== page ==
The success of African-led PSOs during the early 1990s to the late 2020s encouraged the AU and the RECs/RMs to develop Africa’s capacity to deploy operations to deal with insecurity. This increased the number and capacity of PSOs being deployed across the continent. It resulted in the African Standby Force (ASF) initiative launched in 2003 which forms part of the African Peace and Security Architecture (APSA). The APSA was structured on objectives, principles, values, and decision-making processes to prevent, manage, and resolve crises, conflicts, and post-conflict reconstruction and development on the continent (de Coning et al., 2016). The APSA also included conflict resolution mechanisms focused on protecting and securing the state, with little focus on human security (Sesay and Omotosho, 2011). In this context, the PoC in Africa is underpinned by the APSA which is a crucial AU mechanism to promote peace, security, and stability on the continent. The APSA is underpinned by five pillars: (1) early warning and conflict prevention; (2) peace-making; (3) peace-support operations; (4) peacebuilding and post-conflict reconstruction; and (5) development. This is strengthened by four approaches which fortify the work of the APSA: (1) the promotion of democratic practices; (2) good governance and respect for human rights (3) humanitarian action; and (4) disaster management (APSA, 2003). Therefore, the transition from the OAU to the AU can be viewed as a regime with normative and institutional change where its stance focuses on “non-indifference” whereas its predecessor focused on “non-interference” (Dersso, 2011).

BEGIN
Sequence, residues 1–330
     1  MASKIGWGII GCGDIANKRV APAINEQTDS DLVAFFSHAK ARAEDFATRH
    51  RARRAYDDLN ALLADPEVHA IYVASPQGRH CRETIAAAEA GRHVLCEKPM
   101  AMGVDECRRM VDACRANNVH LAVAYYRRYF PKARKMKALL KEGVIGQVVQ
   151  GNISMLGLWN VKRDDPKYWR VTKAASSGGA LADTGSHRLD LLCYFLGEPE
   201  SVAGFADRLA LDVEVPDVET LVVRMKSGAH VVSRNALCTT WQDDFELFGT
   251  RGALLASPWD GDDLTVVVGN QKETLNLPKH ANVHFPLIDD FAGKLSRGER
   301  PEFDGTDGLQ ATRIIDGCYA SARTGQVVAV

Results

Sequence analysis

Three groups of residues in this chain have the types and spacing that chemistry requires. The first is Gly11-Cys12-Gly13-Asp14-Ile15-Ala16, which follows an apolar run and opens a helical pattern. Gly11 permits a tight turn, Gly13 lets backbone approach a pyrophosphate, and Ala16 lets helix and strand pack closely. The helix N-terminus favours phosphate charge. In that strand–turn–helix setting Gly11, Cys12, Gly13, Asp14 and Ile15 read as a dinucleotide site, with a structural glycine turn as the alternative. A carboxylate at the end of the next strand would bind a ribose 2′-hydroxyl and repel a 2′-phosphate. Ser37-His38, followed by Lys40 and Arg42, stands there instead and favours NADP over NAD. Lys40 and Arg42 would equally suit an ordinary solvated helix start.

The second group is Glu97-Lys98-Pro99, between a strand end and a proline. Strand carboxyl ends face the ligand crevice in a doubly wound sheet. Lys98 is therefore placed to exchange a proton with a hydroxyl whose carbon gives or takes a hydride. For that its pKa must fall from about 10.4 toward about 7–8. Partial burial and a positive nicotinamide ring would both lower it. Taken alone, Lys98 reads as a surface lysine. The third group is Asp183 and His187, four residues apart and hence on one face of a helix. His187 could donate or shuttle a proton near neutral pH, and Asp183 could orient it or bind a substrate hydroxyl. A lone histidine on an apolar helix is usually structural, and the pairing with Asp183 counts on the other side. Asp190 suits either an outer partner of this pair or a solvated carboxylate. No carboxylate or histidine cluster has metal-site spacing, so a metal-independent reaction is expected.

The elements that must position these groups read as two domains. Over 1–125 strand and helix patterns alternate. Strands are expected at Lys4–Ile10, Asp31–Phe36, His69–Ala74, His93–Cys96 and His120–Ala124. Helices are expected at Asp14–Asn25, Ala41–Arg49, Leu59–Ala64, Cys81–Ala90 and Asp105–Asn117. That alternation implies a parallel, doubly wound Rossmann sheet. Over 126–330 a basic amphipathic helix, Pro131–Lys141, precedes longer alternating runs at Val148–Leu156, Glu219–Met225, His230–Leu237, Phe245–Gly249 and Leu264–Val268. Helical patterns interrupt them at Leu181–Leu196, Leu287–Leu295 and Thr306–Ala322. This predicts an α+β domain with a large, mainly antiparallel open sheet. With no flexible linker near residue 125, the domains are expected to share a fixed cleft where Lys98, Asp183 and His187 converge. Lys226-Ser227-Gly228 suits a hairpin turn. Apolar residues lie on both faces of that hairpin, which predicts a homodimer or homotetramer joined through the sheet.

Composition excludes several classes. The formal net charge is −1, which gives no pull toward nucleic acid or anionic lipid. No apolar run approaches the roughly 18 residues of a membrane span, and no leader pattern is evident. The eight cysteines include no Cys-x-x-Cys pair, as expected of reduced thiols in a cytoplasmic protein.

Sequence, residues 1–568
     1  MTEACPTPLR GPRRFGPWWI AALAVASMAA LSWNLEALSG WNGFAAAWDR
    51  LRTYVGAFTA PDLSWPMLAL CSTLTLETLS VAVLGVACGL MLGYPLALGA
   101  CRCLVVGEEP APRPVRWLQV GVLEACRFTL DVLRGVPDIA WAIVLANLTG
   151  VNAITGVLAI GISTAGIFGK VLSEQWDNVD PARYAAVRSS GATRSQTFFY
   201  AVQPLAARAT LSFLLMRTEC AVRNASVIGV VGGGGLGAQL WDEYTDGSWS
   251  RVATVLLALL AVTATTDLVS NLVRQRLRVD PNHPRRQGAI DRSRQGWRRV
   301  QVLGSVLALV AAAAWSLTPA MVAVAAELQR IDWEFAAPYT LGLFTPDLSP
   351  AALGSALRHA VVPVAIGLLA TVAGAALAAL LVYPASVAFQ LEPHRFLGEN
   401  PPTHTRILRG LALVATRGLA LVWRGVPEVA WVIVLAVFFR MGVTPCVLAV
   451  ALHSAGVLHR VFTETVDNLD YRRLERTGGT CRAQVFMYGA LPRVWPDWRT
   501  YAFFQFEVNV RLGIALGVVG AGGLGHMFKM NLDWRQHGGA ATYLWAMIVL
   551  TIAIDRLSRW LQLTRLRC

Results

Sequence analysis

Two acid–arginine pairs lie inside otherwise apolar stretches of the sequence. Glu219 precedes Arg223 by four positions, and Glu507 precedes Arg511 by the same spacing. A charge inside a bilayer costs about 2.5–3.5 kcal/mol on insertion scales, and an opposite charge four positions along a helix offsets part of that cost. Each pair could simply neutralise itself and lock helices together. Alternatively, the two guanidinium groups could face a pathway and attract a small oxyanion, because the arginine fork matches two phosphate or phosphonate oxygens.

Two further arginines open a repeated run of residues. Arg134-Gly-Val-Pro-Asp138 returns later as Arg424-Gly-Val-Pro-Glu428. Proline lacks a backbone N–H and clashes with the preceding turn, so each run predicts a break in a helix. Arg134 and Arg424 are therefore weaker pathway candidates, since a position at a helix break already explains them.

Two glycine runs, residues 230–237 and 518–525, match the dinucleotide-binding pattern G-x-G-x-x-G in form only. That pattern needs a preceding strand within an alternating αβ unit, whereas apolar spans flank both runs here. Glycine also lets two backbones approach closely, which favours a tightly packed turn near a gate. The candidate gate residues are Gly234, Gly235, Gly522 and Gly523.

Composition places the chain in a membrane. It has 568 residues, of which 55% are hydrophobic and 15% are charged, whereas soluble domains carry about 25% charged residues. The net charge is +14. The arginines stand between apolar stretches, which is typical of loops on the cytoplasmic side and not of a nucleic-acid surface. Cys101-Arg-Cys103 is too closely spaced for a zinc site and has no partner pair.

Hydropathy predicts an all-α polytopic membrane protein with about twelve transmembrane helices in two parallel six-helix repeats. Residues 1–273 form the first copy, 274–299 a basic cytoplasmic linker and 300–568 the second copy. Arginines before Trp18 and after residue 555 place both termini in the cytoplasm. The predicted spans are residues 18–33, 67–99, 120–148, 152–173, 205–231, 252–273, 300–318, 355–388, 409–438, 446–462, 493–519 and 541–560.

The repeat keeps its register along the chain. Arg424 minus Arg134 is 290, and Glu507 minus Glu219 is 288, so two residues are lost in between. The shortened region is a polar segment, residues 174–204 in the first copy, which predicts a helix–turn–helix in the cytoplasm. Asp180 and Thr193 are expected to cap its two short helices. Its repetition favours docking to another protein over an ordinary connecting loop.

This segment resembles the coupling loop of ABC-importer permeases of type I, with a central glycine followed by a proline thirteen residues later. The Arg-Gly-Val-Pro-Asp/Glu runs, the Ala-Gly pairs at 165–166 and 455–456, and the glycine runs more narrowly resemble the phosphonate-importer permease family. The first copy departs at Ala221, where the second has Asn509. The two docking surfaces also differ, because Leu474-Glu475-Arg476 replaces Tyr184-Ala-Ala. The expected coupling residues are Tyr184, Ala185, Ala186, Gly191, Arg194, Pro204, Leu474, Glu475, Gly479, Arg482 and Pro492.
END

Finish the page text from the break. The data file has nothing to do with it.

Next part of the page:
In 2009, the AU began working on a framework for the PoC with the AU PSC. They recognised that their previous missions such as the African Union Mission in Burundi (AMIB), the African Union Electoral and Security Assistance Mission to the Comoros (MAES) and the African Union Mission for Support to the Elections in Comoros (AMISEC), and The African Union Mission in Sudan (AMIS I and II) (de Coning et al., 2016) were inadequate to deal with and respond to the protection needs of civilians (AU, 2011). The AU understood that protection in African-led PSOs would have to be paramount in ensuring that the rights of individuals in the conflict-affected areas are safeguarded. As a result, the AU, through the APSA, decided that the PoC should be mainstreamed across the whole spectrum of the AU’s peace, security, and stability processes. The PSC defined the PoC as “activities undertaken to improve the security of the population and people at risk, and to ensure [the] full respect of the rights of groups and the individual recognised under the regional instruments” (AU, 2012). This meant, conceptually, that the AU viewed the PoC strategy as part of four tiers (AU 2013a): (1) protection as part of the political process; (2) protection from physical violence; (3) rights-based protection; and (4) the establishment of a protective environment (AU, 2013a). This means the AU conceptually views protection from physical violence in highly insecure environments through four phases (AU, 2012). Phase One is prevention, which is protection based on minimising the risk of escalation of uncontrolled violence. Phase Two is pre-emption, which is protection based on measures that preclude or defeat imminent threats. Phase Three is response, which is protection based on the proportionate use of force. Phase Four is consolidation, which is protection based on ensuring that threatening groups are not able to restore their fighting capability (AU, 2013a).